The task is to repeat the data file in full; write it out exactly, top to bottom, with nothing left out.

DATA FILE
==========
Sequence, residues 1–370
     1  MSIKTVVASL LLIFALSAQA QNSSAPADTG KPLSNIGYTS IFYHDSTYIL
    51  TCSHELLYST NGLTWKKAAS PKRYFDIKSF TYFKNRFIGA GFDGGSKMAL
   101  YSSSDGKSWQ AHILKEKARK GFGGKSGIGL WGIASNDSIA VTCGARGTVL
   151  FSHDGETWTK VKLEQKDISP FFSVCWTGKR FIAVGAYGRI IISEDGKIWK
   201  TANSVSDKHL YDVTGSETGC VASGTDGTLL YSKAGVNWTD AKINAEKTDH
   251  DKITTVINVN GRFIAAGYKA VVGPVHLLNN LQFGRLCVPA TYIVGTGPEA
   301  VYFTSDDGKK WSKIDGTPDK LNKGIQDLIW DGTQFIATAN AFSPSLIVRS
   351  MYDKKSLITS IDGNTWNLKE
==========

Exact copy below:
Sequence, residues 1–370
     1  MSIKTVVASL LLIFALSAQA QNSSAPADTG KPLSNIGYTS IFYHDSTYIL
    51  TCSHELLYST NGLTWKKAAS PKRYFDIKSF TYFKNRFIGA GFDGGSKMAL
   101  YSSSDGKSWQ AHILKEKARK GFGGKSGIGL WGIASNDSIA VTCGARGTVL
   151  FSHDGETWTK VKLEQKDISP FFSVCWTGKR FIAVGAYGRI IISEDGKIWK
   201  TANSVSDKHL YDVTGSETGC VASGTDGTLL YSKAGVNWTD AKINAEKTDH
   251  DKITTVINVN GRFIAAGYKA VVGPVHLLNN LQFGRLCVPA TYIVGTGPEA
   301  VYFTSDDGKK WSKIDGTPDK LNKGIQDLIW DGTQFIATAN AFSPSLIVRS
   351  MYDKKSLITS IDGNTWNLKE